In 1979, sunscreen SPF (sun protection factor) labels indicating protection from the sun's ultraviolet B (UVB) rays had just been introduced and the highest SPF number was 12. Few people knew about the importance of sun protection. The Skin Cancer Foundation was the first organization to recognize that a change in behavior about sun exposure and increased awareness of the importance of protection was needed. That year, as part of a nationwide public awareness campaign, the Foundation established its Seal of Recommendation program, which has since become a respected standard for the safety and efficacy of ultraviolet (UV) protection products.

The Foundation initially created the Seal program for SPF 15+ sunscreens. As sun protection technology has advanced, the Foundation has expanded the program to include products such as sunglasses; sun-protective clothing; umbrellas and awnings; UV window film; UV laundry additives; and sunroof materials. Currently, more than 850 products worldwide carry the Seal of Recommendation.

Every product submitted for the Seal of Recommendation is rigorously reviewed by an independent committee of renowned photobiologists - experts in the study of the interaction of ultraviolet radiation and the skin. The members of The Skin Cancer Foundation's Photobiology Committee are: Chairman Warwick Morison, MD, professor of Dermatology, John Hopkins Medical School; Henry W. Lim, MD, Dr. Lim is the Chairman and Clarence S. Livingood Chair of the Department of Dermatology at Henry Ford Hospital in Detroit; John Epstein, MD, clinical professor of Dermatology, University of California at San Francisco; Heidi Jacobe, MD, assistant professor, Dermatology, University of Texas Southwestern Medical Center at Dallas, and Steven Q. Wang, MD, director, Dermatology Service, Memorial Sloan Kettering Cancer Center, New Jersey.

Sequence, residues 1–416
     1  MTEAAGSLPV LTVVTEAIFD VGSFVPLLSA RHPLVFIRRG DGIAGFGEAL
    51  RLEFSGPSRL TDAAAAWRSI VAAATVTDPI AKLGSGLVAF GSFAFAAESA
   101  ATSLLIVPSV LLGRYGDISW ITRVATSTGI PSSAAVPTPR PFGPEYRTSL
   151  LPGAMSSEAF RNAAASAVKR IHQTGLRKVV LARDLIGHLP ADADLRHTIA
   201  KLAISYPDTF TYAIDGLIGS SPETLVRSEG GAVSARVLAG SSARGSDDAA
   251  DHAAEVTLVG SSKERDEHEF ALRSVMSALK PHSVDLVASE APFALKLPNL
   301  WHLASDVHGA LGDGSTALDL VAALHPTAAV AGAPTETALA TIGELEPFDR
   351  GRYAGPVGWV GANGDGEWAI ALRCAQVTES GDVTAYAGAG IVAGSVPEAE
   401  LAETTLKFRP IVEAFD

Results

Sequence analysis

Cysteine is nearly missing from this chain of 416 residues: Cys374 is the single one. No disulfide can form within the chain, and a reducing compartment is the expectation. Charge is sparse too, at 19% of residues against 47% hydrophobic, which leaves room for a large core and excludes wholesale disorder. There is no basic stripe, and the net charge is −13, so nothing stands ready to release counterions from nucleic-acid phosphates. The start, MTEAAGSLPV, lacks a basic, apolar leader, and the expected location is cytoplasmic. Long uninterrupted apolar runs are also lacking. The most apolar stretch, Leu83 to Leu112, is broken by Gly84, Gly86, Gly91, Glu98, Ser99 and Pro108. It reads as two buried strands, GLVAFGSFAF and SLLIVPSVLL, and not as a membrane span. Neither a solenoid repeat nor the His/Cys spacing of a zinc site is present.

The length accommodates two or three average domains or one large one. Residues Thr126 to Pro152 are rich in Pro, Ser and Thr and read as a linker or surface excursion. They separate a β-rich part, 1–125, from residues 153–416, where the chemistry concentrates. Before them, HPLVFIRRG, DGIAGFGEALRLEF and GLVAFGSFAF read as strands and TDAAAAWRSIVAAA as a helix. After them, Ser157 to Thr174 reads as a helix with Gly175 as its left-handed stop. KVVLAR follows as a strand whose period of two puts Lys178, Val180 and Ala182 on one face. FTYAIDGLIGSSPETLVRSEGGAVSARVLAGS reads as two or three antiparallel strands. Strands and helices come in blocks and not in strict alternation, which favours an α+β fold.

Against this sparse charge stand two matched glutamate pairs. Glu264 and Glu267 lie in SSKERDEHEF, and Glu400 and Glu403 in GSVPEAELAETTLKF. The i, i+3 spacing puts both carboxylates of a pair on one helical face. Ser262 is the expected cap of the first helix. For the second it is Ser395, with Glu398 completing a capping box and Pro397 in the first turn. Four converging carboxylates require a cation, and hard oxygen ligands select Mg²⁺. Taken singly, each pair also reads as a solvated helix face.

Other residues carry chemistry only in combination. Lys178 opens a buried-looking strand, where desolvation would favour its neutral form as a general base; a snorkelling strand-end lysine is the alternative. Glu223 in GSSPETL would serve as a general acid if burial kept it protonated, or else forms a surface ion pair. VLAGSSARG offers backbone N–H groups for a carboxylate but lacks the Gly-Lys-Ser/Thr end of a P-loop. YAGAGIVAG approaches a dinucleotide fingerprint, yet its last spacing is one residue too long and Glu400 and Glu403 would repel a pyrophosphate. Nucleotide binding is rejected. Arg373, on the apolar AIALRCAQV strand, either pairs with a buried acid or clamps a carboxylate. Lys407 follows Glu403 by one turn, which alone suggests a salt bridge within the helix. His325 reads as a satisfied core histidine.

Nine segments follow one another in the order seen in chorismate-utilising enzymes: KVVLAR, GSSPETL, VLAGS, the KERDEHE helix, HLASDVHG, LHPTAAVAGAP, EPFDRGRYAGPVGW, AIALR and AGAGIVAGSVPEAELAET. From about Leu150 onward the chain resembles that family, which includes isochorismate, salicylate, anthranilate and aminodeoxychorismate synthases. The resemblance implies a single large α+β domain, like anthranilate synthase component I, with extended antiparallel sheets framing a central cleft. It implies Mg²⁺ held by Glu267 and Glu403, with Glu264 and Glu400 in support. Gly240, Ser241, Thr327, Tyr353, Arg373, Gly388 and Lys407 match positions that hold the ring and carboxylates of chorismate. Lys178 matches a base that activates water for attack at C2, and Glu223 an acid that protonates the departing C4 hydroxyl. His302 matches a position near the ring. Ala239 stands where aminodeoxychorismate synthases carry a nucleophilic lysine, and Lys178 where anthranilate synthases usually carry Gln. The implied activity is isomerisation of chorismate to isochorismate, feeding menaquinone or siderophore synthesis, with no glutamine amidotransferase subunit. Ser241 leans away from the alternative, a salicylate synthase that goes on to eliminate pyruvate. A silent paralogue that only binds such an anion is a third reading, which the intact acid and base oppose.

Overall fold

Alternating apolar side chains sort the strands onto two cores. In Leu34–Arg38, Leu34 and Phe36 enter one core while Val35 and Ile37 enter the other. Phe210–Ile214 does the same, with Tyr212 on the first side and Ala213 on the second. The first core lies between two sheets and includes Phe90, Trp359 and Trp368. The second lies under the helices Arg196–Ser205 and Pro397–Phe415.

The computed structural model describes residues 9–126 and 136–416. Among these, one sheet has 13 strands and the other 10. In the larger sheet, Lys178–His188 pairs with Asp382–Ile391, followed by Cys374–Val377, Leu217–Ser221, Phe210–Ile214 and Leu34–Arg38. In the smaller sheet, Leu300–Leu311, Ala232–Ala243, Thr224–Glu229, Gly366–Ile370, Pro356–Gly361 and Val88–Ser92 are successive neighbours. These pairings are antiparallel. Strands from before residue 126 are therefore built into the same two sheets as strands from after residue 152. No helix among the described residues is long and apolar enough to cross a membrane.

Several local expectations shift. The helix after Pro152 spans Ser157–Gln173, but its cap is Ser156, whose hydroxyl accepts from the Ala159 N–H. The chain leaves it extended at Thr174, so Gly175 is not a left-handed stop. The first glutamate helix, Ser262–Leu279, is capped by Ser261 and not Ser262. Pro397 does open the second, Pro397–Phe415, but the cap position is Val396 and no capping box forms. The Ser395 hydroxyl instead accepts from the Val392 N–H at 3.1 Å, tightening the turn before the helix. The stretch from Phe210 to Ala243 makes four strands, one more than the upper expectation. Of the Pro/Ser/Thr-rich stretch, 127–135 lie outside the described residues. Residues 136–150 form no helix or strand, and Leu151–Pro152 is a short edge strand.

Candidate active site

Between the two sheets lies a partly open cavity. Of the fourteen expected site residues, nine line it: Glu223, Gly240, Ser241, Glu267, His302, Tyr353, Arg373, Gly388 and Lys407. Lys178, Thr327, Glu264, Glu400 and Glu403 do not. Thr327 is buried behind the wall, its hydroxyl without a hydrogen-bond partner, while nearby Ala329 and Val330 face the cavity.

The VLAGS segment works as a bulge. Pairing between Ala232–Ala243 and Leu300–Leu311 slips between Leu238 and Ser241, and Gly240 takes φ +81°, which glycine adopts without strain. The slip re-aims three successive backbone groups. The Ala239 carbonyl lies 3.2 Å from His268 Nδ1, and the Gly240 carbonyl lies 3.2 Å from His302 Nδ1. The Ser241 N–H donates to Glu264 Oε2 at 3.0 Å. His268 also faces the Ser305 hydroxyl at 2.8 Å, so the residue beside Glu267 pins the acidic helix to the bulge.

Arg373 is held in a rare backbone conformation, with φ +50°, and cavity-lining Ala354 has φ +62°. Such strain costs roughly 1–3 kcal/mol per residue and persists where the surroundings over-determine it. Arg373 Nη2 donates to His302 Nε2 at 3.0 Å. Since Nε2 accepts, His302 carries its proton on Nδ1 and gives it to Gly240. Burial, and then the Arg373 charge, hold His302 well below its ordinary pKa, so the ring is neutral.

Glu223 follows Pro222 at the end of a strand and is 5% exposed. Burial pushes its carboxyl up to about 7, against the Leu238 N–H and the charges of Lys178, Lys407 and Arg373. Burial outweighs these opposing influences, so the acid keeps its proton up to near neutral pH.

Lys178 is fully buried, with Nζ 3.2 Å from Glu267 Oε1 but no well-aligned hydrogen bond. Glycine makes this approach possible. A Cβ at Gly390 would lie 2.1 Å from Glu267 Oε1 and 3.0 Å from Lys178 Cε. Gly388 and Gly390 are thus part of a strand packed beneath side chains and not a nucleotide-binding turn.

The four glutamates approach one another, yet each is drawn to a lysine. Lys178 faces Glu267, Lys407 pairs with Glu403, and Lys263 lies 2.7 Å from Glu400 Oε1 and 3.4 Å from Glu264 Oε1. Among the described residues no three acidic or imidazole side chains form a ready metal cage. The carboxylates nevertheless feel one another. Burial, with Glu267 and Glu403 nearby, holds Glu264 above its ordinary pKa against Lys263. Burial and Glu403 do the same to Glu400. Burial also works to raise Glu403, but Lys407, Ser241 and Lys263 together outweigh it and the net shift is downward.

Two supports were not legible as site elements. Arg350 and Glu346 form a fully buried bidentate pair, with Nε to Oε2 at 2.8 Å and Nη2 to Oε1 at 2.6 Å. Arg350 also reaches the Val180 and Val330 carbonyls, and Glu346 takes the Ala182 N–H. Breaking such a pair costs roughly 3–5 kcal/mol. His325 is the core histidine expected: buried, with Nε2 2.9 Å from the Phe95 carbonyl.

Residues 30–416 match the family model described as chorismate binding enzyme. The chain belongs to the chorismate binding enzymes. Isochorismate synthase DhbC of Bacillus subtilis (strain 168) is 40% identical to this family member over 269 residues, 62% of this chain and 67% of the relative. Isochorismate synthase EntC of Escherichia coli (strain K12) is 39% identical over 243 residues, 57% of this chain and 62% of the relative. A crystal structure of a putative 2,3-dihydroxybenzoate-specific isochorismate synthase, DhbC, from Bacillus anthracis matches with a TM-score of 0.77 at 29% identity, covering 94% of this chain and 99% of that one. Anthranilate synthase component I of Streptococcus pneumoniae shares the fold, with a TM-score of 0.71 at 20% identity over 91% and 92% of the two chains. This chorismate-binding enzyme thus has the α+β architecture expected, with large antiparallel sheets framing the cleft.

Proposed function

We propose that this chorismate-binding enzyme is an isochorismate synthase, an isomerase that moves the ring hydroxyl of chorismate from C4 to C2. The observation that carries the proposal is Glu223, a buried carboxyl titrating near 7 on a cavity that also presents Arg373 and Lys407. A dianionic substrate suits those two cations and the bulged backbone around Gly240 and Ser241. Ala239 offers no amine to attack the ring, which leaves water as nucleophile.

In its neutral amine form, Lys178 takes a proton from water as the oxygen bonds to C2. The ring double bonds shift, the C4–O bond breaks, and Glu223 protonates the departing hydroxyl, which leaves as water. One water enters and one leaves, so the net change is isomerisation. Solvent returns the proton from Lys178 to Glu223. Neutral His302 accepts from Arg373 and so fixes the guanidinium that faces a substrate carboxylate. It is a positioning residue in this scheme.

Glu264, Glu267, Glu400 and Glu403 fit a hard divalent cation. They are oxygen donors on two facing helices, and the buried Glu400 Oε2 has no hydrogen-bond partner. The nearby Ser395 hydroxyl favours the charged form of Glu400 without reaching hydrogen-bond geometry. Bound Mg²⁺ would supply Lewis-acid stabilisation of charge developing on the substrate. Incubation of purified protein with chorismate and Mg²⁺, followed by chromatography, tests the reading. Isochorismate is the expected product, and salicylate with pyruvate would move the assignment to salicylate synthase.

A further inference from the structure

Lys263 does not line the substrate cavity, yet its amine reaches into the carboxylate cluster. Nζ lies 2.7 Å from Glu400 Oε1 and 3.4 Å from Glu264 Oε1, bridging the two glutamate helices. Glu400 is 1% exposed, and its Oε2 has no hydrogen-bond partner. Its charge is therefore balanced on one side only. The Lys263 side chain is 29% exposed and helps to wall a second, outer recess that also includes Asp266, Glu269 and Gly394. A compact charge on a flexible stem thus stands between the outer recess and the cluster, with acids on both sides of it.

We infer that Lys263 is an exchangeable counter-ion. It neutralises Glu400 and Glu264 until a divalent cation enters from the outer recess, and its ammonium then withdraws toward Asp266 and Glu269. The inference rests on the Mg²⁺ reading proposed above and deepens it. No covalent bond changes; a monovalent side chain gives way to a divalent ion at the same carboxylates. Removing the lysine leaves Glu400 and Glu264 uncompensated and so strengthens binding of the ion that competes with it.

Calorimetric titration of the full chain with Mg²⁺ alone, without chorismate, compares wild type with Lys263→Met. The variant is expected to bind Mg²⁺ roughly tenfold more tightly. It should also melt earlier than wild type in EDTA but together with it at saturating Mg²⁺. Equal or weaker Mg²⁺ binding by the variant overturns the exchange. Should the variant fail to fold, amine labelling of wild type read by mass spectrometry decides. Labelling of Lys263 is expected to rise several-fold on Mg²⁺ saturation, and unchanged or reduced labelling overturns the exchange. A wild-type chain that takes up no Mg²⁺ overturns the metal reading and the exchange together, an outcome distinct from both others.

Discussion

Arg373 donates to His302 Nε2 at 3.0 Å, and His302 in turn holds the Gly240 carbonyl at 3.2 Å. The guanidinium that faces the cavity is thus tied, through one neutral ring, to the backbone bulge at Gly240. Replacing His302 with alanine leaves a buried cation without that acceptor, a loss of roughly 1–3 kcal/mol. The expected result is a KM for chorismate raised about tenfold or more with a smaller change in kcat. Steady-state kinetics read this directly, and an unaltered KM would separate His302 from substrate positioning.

The Foundation initially created the Seal program for SPF 15+ sunscreens. As sun protection technology has advanced, the Foundation has expanded the program to include products such as sunglasses; sun-protective clothing; umbrellas and awnings; UV window film; UV laundry additives; and sunroof materials. Currently, more than 850 products worldwide carry the Seal of Recommendation.

Every product submitted for the Seal of Recommendation is rigorously reviewed by an independent committee of renowned photobiologists - experts in the study of the interaction of ultraviolet radiation and the skin. The members of The Skin Cancer Foundation's Photobiology Committee are: Chairman Warwick Morison, MD, professor of Dermatology, John Hopkins Medical School; Henry W. Lim, MD,

Dr. Lim is the Chairman and Clarence S. Livingood Chair of the Department of Dermatology at Henry Ford Hospital in Detroit; John Epstein, MD, clinical professor of Dermatology, University of California at San Francisco; Heidi Jacobe, MD, assistant professor, Dermatology, University of Texas Southwestern Medical Center at Dallas, and Steven Q. Wang, MD, director, Dermatology Service, Memorial Sloan Kettering Cancer Center, New Jersey.

About The Skin Cancer Foundation

The Skin Cancer Foundation is the only global organization solely devoted to the prevention, detection and treatment of skin cancer. The mission of the Foundation is to decrease the incidence of skin cancer through public and professional education and research. For more information, visit www.SkinCancer.org


*There are a number of test methods that can be used to evaluate the UVA protective level of a sunscreen product. Two of the most common methods are the Critical Wavelength test and Persistent Pigment Darkening (PPD).

Critical Wavelength is a laboratory test method using specially formulated tape that measures UV transmission with and without sunscreen. In this method, the absorption spectrum of the sunscreen is measured against wavelength. The wavelength where 90 percent of absorption occurs is defined as the critical wavelength. The more potent the UVA protection, the longer the critical wavelength.

The PPD in vivo method is modeled after the SPF test. Human subjects are exposed to UVA wavelengths (320 to 400 nanometers) both with and without sunscreen. The appearance of pigment darkening of the exposed skin between 2 to 24 hrs after exposure is used as a biological endpoint.